Arlington Democrats and their independent allies, Arlingtonians for a Better County (ABC), have been planning for four years to regain control of the five-member County Board, but until recently few expected the takeover could occur this year.
The reason was County Board Chairman Stephen H. Detwiler, a 39-year-old independent with Republican support whose good looks, moderate record and roots in the community made him seem invulnerable in Tuesday's election.
"He was Mr. Invincible. He was the Robert Redford of the Republican Party," said Arlington Sheriff James Gondles, who had pegged 1983 as the best year for a Democratic/ABC comeback. The two other GOP-controlled seats on the board will be up for election then.
Lately Arlington Democrats have been talking a different game. They've been saying the contest between Detwiler and Democrat Mary Margaret Whipple, a former county school board chairman, is close, "a real horse race," in the words of Democratic Board Member John Milliken.
"In early September, I figured Mary Margaret's chances were pretty slim," echoed Tom Hall, ABC chairman, "but I think it's pretty even right now."
The reasons for the optimism are both local and national. Some, including Gondles, cite a perceived drift away from Republican policies. "In any other year, Steve would be unbeatable," said Gondles.
"This year is a Democratic year, just like two years ago, it was a Republican year," said state Del. James Almand (D-Arlington).
Others say the campaign itself has brought the change. Whipple, who lost a race for the board two years ago, came out charging at her kickoff in early September, with Gov. Charles S. Robb making an unusual appearance on behalf of a local candidate. On that day, 600 Whipple volunteers fanned out across Arlington, dropping off 75,000 leaflets.
Since then, through 24 joint appearances before a kaleidescope of civic groups, she has succeeded in defining the campaign issues, urging a shift away from the Republican majority's policies and putting Detwiler on the defensive with charges about "backroom" dealings. She also has attacked Detwiler on development issues, arguing that Democrats would be more effective at controlling growth along Arlington's gold strip -- the Metro corridor from Rosslyn to Ballston.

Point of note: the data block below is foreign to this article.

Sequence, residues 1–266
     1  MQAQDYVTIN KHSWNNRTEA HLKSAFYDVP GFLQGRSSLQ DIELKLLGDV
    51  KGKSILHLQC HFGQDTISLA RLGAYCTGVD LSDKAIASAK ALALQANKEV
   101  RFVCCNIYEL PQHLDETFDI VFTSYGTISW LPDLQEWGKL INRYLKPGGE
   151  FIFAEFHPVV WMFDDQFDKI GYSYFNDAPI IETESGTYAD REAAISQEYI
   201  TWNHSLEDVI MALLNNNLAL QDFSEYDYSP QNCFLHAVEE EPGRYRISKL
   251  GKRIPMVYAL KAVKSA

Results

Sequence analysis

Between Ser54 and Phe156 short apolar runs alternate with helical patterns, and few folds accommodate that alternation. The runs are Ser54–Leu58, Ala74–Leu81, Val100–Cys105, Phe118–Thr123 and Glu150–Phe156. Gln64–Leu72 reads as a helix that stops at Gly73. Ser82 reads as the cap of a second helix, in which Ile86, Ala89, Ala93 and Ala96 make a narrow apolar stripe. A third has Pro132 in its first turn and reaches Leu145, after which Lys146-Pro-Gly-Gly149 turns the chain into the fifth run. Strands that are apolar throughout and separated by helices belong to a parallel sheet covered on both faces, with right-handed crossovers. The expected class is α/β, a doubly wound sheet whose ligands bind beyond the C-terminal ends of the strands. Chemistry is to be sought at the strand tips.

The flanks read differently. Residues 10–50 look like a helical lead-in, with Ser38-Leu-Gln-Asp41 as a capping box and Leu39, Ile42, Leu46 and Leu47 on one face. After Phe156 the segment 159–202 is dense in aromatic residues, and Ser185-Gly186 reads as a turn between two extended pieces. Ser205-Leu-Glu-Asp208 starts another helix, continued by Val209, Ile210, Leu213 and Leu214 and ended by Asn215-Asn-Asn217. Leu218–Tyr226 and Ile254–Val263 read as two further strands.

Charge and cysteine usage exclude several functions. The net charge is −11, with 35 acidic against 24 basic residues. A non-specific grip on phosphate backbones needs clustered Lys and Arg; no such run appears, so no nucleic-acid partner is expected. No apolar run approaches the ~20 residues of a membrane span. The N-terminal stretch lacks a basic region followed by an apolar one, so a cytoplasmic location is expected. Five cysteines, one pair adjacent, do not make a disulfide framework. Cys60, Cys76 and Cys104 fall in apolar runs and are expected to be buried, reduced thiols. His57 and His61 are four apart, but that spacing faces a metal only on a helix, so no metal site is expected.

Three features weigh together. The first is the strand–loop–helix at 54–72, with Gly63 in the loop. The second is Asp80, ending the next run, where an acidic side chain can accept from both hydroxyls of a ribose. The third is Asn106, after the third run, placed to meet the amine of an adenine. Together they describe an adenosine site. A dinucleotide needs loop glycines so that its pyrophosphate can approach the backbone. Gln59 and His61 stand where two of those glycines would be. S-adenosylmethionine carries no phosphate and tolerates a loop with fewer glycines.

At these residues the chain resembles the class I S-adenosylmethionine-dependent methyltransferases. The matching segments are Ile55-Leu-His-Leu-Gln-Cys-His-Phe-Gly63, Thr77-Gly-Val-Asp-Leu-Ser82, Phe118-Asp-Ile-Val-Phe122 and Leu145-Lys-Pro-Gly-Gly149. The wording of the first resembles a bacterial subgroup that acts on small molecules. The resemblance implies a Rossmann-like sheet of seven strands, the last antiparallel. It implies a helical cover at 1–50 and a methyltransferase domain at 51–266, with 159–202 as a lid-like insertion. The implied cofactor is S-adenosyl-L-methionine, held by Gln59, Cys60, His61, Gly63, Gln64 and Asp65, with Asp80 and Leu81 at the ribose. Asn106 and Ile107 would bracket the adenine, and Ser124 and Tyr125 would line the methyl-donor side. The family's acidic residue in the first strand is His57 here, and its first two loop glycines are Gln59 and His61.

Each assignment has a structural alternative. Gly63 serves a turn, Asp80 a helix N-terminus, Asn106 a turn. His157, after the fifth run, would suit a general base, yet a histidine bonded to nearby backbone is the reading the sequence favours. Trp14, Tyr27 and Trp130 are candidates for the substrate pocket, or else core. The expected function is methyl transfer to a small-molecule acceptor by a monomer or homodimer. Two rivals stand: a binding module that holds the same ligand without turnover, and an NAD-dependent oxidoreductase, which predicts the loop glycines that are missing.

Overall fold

Detwiler, a savings and loan company executive whose father was a well-known pediatrician, has reacted strongly to the charges, some say too strongly. "He gets mad easily," said Hall, "He tends to get frustrated."
At each stop on the campaign, Detwiler has defended his record vigorously, noting the drop in the county tax rate since he swung the board into the Republican camp with his election in 1978. He also has defended the board's record on development, particularly the drafting of plans for each of the county's Metro stops.
"My opponent is trying to frighten citizens with images of wall-to-wall concrete from Rosslyn to Ballston," he says. "I think that is misleading. The board has been working very hard to prevent that from happening."
There are other reasons for the unexpectedly close race, Arlington politicians say. Last spring, Detwiler broke with his two Republican colleagues and voted to raise the county tax rate by 2 cents, dampening enthusiasm for his campaign among the county's active and vocal conservative groups.
"He didn't please any taxpayers with that," says Jack Torbet of the Arlington County Taxpayers Association.
Another issue that has been injected into the race is a referendum on creating a housing and redevelopment authority. That has sparked a debate that some say is more impassioned than the Detwiler-Whipple contest.
Detwiler tried to stay clear of the issue, insisting it was separate from his race, but when he came out against the referendum several weeks ago, it helped solidify his support among conservatives, Torbet said.
Whipple has joined many Democrats in supporting the authority proposal that proponents insist would simply provide the county with a mechanism to provide low-interest loans to building owners that want to avoid conversion.
"The Arlington need is a rehabilitation need," said Almand, a chief sponsor of the measure. "This is a method to preserve rental units without using Arlington tax dollars."
Almand objects to any attempt to portray the measure as a prelude to public housing in Arlington. "Clearly, public housing is an erroneous scare tactic," he said, "You couldn't do it if you wanted to and no one wants to."